Trust in God’s Goodness

Today’s Word:

The earth is full of the goodness of the Lord.” (Psalm 33:5b)

On This Date…

On April 22, 1834, Abbot John Baptist L’Ecuy, O.Praem. died in Paris at age 94. He was the last abbot of Prémontré, which was founded by Saint Norbert in 1120.

Abbot L’Ecuy’s heart is kept next to the tomb of Saint Norbert in Prague, Czech Republic. His body is kept in the Norbertine Abbey of Mondaye in Normandy, France.

On April 22, 1864, the United States Congress authorized the phrase, “In God We Trust,” on all two-cent coins. The next year, the phrase was placed on all U.S. coins. In 1956, it officially became the motto of our country.

On April 22, 1970, Earth Day was first held in San Francisco, California. In 1979, Pope John Paul II named Saint Francis of Assisi as the patron of ecology, calling him “an example of genuine and deep respect for the integrity of creation.”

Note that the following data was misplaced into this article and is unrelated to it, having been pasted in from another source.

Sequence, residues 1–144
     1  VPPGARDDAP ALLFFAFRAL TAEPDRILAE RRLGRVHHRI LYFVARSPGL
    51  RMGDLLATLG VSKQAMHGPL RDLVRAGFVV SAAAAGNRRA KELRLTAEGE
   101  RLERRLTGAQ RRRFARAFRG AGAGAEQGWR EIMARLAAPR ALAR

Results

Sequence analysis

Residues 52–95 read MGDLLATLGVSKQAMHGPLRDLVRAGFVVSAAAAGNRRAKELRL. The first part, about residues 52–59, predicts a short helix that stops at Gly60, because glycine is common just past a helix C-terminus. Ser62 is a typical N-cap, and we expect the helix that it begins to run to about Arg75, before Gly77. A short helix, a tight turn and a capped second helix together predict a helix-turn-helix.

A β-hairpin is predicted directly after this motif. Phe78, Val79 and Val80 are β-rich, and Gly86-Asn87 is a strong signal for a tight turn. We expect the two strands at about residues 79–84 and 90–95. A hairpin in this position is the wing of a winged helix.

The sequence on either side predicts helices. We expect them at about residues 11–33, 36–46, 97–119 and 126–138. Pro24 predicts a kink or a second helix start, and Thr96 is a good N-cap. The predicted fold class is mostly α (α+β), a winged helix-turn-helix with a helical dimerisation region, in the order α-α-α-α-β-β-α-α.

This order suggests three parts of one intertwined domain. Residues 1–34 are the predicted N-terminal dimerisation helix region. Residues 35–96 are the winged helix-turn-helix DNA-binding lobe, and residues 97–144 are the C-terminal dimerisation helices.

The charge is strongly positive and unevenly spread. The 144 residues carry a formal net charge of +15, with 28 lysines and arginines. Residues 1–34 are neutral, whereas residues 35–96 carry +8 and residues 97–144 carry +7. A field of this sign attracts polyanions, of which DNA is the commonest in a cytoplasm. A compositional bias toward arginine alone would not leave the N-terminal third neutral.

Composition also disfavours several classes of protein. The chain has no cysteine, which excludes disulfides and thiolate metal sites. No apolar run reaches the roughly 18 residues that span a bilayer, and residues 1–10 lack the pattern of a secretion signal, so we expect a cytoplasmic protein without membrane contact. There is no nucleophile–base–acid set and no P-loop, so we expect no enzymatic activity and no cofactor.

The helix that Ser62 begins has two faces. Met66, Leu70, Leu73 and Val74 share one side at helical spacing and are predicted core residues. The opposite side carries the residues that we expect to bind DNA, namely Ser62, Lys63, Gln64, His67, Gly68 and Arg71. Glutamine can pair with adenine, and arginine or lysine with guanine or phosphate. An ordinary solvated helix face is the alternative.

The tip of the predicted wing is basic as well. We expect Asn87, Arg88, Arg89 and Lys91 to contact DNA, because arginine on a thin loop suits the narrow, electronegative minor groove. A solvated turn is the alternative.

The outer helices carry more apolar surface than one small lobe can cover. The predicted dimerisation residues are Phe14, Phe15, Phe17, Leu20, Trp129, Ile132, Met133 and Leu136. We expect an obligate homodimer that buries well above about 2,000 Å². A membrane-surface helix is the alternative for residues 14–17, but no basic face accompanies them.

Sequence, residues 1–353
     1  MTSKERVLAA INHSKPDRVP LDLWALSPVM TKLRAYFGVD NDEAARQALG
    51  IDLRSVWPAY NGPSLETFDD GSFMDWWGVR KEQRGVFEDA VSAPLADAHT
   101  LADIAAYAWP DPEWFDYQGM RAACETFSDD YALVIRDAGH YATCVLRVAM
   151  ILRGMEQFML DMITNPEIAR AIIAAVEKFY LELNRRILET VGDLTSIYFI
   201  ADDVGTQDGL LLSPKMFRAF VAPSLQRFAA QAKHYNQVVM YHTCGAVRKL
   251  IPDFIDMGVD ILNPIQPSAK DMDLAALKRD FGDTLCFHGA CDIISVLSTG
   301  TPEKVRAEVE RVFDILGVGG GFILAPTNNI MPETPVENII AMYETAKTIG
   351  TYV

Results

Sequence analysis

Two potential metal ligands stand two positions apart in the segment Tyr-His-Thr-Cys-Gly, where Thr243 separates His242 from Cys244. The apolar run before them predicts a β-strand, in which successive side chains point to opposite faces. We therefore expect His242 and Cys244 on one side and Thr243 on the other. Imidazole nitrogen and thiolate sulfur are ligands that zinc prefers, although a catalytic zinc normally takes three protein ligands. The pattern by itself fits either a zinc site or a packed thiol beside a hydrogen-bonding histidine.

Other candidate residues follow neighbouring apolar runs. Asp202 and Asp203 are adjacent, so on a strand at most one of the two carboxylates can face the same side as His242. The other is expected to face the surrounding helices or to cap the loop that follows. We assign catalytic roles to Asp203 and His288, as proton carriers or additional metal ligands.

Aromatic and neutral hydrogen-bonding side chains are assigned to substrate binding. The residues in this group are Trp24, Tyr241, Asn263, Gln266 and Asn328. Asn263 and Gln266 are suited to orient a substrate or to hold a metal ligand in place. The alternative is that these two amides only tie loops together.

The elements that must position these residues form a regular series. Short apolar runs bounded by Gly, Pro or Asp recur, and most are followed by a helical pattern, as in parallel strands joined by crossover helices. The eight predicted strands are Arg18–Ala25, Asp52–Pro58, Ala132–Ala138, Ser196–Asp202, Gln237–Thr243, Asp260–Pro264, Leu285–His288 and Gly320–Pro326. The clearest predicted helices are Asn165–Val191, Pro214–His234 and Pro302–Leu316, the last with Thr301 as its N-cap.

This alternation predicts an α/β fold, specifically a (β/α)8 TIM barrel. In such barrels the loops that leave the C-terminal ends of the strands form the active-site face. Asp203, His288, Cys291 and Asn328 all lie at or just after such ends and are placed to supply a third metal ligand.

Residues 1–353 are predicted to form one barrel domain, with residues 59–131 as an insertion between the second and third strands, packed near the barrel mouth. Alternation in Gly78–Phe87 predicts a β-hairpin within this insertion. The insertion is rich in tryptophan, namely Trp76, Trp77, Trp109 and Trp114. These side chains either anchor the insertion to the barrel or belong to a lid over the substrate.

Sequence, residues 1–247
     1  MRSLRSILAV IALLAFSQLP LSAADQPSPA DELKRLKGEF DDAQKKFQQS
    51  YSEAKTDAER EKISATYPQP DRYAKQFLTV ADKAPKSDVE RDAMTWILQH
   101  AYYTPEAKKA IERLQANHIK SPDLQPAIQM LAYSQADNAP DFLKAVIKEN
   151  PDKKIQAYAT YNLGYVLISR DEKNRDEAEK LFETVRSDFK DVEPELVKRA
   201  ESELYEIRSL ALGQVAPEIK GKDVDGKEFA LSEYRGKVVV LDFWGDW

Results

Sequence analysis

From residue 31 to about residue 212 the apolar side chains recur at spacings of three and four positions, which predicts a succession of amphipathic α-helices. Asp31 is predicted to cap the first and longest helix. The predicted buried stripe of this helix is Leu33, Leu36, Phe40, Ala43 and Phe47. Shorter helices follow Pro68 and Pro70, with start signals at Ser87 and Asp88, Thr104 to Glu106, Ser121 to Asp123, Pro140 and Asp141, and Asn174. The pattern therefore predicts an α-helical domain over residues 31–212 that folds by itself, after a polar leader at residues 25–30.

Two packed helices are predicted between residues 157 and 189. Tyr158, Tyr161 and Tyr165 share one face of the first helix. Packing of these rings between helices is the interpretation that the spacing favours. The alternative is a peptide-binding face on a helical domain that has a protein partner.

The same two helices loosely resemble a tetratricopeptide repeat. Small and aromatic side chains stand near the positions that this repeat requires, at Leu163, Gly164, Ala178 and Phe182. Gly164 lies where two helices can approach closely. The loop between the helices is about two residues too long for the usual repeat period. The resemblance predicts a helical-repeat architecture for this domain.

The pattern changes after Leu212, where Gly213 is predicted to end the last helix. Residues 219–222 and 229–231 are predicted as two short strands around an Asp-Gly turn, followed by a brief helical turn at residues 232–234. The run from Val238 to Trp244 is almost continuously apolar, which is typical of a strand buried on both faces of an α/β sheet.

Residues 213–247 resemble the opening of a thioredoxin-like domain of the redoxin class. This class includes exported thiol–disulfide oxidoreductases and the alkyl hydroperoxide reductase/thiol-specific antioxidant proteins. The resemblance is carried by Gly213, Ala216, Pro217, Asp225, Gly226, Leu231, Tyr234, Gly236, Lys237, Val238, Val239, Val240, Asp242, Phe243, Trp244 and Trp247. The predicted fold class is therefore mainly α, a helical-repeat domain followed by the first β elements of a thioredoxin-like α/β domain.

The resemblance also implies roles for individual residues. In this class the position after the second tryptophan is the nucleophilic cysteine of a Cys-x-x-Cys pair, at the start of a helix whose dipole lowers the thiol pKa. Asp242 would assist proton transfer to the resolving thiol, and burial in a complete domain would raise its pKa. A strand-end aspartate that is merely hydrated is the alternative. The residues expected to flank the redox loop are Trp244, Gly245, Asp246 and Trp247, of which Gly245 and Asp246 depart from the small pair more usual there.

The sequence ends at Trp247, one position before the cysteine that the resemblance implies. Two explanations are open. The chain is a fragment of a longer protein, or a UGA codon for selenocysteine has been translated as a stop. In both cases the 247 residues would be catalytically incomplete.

On April 22, 2014, Easter Tuesday, we prayed today at Mass, “The earth is full of the goodness of the Lord.”

So, “in God we trust.”

– Father McLaughlin

Know Thyself & Serve

Today’s Word:

O Lord, you have searched me and You know me.
(Psalm 139:1)

On This Date…

Augustine's Confessions

Augustine’s Confessions

On August 28, 430, Saint Augustine died in North Africa at age 75. Norbertines live according to the Rule of Augustine, a guide to religious life that Augustine wrote around the year 400.

In his Confessions, published in 397, Augustine writes:

Our hearts are restless, Lord, and they will never rest until they rest in You.

On August 28, 1784, Father Junípero Serra died in Carmel, California at age 69.


At age 17, he joined the Franciscan Order. As a friar, Junípero founded nine missions between San Diego and San Francisco – a distance of 514 miles.

In 1931, a statue of Father Serra (left), sculpted by Ettore Cadorin, was placed in Statuary Hall in Washington, D.C.

On August 28, 1963, fifty years ago today, Dr. Martin Luther King, Jr. delivered his “I Have a Dream” speech from the steps of the Lincoln Memorial to a multi-racial audience in Washington, D.C. Many wept openly as Dr. King spoke of a time when the evils of prejudice and segregation would vanish.

The works of Saint Augustine, Father Serra, and Dr. King remind us that we are each called to serve one another, and in turn, serve God. These three individuals inspire us all to say today’s Mass psalm, “O Lord, you have searched me and You know me.”

– Father McLaughlin